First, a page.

Gilligan’s Dreams

Bob Denver created the TV archetype of the inept but lovable slacker.

Amid all the harrowing real-life rescues of the past week, I hope it isn’t too offensive to take a moment to remember the loss of one fictional castaway: the actor Bob Denver, who played the eponymous first mate on Gilligan’s Island from 1964 to 1967. After surviving quadruple bypass surgery earlier this year, Denver, 70, died of complications from cancer treatment on Friday. He’s survived by his third wife, Dreama Denver (with whom he hosted a syndicated radio show called Weekend With Denver and Denver) and four children.

Denver: Fiercely and unexpectedly beloved

The pre-Gilligan generation probably best remembers Denver as the archetypal beatnik Maynard G. Krebs, the goateed best-friend character on The Many Loves of Dobie Gillis, which aired from 1959 to 1963. Dobie Gillis was the first TV show for and about the emerging teen culture of the baby boomers; Denver’s character, with his surrealist one-liners and trademark aversion to work, could be seen as a kind of predecessor to the 1960s hippie. It was Denver’s real-life love for jazz that inspired Maynard’s incessant bongo-playing and name-checking of bebop legends like Dizzy Gillespie and Thelonious Monk. The character was nearly written out of the show four episodes in, when Denver suffered the un-Krebs-like fate of being drafted; after failing his physical, he returned to the series for the rest of its run. *

The year after Dobie Gillis ended, Denver would move on to his second iconic television role, the spacey sailor of Gilligan’s Island. Though the show was dismissed by critics as silly fluff, Gilligan’s Island immediately found a loyal following (its creator, Sherwood Schwartz, would again tap into the sitcom zeitgeist with The Brady Bunch a few years later), and though only 98 episodes were made during its three seasons on the air, the show has lived on in continuous syndication now for over 40 years.

Like Maynard G. Krebs, Gilligan was an endearing if hopelessly inept dreamer—in fact, 11 of the show’s episodes were structured around Gilligan’s dreams, in which he imagined himself, Walter Mitty-style, as a prince, a vampire, a caveman, or a secret agent. In episode after episode, the castaways’ elaborate escape plans were foiled by Gilligan’s clumsiness and sloth—when the crucial moment came, he always seemed to be off napping in a hammock somewhere. Did Gilligan even want to be rescued? Maybe he was alone among the castaways in appreciating the Rousseauistic perfection of their island life, with its unlimited supply of coconuts, the endless inventions of the Professor, and the virgin/whore dialectics of female beauty represented by Mary Ann and Ginger.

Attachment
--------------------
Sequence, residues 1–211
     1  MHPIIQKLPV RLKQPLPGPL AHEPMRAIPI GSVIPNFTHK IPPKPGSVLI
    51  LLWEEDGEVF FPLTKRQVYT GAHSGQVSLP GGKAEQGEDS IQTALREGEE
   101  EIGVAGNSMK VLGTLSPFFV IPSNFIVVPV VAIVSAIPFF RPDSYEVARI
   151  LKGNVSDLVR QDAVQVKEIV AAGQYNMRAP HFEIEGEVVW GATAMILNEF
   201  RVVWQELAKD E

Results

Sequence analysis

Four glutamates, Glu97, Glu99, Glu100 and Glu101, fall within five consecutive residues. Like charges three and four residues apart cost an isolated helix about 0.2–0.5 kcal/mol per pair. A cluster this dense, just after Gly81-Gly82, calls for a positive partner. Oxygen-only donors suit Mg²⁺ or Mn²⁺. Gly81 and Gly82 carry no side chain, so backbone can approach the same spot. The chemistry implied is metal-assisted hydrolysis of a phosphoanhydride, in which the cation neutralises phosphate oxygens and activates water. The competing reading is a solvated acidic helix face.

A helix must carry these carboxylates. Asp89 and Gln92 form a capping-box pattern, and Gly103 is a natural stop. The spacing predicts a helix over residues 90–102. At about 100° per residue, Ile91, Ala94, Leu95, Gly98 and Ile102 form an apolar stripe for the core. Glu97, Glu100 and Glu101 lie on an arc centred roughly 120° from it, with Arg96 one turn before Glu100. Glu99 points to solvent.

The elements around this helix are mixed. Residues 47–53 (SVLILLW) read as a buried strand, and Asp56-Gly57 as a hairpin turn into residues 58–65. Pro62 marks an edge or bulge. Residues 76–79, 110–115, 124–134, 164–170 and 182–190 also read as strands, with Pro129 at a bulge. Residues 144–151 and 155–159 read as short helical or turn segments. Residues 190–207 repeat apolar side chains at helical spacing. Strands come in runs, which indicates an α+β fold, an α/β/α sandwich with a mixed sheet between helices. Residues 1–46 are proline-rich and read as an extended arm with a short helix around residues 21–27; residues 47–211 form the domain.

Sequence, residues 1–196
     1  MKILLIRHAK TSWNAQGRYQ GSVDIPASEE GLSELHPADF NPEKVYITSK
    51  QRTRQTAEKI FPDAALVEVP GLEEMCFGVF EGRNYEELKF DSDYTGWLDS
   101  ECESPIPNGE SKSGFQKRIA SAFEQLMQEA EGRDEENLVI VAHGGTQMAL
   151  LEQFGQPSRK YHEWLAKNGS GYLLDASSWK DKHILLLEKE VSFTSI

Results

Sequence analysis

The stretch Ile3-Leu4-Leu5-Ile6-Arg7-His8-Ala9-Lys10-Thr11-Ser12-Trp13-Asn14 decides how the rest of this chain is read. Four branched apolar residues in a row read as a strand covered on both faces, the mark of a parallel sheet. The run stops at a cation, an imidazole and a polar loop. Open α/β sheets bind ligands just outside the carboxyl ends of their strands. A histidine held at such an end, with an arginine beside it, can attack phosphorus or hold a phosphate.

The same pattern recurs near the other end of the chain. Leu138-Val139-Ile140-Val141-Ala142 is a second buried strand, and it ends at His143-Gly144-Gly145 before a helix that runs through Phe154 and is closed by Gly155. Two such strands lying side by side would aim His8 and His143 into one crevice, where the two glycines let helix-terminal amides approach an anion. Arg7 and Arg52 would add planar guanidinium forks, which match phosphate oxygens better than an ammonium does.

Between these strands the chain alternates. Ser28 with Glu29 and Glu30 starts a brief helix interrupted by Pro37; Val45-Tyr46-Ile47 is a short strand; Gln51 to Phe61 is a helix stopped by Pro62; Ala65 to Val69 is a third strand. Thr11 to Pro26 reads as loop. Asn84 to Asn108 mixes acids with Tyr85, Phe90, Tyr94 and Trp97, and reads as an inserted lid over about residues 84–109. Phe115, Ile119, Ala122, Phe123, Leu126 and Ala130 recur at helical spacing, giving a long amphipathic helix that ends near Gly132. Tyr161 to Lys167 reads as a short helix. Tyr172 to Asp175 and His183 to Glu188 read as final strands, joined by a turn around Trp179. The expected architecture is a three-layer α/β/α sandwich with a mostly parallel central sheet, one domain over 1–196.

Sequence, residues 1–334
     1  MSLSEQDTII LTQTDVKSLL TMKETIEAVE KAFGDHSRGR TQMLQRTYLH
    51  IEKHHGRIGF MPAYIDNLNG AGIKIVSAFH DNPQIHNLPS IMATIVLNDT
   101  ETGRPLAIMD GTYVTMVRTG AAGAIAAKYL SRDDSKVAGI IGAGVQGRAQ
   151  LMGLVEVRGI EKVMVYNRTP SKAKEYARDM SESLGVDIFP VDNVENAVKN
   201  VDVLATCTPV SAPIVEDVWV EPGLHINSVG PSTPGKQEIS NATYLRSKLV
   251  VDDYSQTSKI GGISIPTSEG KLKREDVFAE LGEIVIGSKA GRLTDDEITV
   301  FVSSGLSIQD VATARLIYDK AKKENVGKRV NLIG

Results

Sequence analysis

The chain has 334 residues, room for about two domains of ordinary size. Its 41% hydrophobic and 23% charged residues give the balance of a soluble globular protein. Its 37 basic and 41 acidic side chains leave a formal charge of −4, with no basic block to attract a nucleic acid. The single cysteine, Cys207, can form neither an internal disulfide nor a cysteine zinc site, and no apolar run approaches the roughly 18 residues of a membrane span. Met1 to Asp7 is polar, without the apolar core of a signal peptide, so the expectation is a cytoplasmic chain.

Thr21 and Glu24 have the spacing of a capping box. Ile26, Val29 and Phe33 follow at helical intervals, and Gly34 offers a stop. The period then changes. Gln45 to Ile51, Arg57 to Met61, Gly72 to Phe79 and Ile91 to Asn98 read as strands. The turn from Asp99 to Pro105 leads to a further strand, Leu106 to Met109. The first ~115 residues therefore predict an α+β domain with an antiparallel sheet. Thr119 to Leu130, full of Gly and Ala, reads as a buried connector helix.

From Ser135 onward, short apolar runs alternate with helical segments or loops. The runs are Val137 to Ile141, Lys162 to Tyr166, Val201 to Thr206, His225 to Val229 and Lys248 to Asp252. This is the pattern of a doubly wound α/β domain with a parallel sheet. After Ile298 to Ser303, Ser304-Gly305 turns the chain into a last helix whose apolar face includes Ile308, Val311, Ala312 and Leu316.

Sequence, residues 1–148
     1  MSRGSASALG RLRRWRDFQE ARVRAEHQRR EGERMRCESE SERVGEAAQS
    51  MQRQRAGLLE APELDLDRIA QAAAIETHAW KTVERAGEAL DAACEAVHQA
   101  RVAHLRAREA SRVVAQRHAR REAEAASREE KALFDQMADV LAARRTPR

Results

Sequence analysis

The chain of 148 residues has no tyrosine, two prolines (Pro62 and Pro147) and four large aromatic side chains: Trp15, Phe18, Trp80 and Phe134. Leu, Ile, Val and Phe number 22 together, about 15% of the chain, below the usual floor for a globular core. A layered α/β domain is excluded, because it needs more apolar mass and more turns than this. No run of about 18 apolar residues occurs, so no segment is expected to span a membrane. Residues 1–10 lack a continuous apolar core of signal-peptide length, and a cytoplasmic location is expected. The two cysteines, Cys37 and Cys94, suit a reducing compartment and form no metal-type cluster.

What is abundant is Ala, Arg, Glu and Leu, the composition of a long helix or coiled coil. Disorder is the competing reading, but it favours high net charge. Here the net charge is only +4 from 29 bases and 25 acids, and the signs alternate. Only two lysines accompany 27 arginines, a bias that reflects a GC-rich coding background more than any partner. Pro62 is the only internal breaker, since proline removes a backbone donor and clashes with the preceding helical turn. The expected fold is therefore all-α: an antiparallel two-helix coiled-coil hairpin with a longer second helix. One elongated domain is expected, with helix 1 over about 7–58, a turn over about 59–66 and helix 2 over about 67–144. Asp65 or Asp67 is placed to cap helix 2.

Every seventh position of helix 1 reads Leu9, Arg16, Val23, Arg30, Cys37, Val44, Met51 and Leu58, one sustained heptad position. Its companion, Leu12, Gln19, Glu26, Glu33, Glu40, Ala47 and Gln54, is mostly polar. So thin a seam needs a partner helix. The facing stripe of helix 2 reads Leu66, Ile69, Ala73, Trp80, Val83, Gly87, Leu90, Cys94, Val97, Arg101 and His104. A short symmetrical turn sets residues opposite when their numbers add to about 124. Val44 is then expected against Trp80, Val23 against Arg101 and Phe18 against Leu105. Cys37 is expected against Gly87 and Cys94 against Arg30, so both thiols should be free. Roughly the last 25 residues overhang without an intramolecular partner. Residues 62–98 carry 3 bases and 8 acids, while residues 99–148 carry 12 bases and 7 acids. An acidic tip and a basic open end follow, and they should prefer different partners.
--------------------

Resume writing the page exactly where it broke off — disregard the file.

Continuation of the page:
Denver’s subsequent movies and TV shows never took off (who remembers Rufus Butterworth in The Good Guys, or Dr. Dudley Plunkett in The Invisible Woman?), but he would return to the Gilligan role throughout his career, voicing the character in the ‘70s animated series Gilligan’s Planet (and, much later, in a guest spot on The Simpsons) and reuniting with the rest of the cast for a 1978 special, Rescue From Gilligan’s Island.

In 1998, at the age of 63, Denver was charged with possession of 35 grams of marijuana, which he claimed at first to have obtained from his friend and former Gilligan co-star Dawn Wells, who played the sharp but innocent Mary Ann. But later in court, Denver refused to narc on Wells, testifying that “some crazy fan must have sent it” (along, presumably, with the 10 other grams of pot and three pipes found in a search of his home). After pleading no contest to the charge, he received six months’ probation. Given Denver’s role in the creation of two of the archetypal TV slackers of our culture, there’s something sweet about this story: The image of the then 59-year-old Mary Ann acting as Gilligan’s supplier; his loyalty in refusing to name her in court; and most of all, the image of an aging Gilligan/Maynard G. Krebs, still dreaming away in his hammock or jamming on his bongo drums, smiling, a little high, and not quite ready to leave the island yet.

Correction, Sept. 12, 2003: The original version of this article erroneously stated that Bob Denver was “drafted for the Vietnam War.” He was drafted in 1959, which was several years before the United States became fully involved in the prosecution of the war. (Return to the corrected sentence.)